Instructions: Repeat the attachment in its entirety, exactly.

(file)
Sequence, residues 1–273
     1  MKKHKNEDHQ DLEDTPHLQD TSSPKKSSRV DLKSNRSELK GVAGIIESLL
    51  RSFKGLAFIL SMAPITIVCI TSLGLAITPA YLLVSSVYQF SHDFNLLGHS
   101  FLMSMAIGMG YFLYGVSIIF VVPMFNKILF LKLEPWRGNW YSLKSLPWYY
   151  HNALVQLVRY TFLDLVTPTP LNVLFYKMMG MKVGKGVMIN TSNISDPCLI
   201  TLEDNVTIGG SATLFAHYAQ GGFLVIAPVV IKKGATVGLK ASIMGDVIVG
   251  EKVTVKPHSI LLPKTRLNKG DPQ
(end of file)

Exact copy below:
Sequence, residues 1–273
     1  MKKHKNEDHQ DLEDTPHLQD TSSPKKSSRV DLKSNRSELK GVAGIIESLL
    51  RSFKGLAFIL SMAPITIVCI TSLGLAITPA YLLVSSVYQF SHDFNLLGHS
   101  FLMSMAIGMG YFLYGVSIIF VVPMFNKILF LKLEPWRGNW YSLKSLPWYY
   151  HNALVQLVRY TFLDLVTPTP LNVLFYKMMG MKVGKGVMIN TSNISDPCLI
   201  TLEDNVTIGG SATLFAHYAQ GGFLVIAPVV IKKGATVGLK ASIMGDVIVG
   251  EKVTVKPHSI LLPKTRLNKG DPQ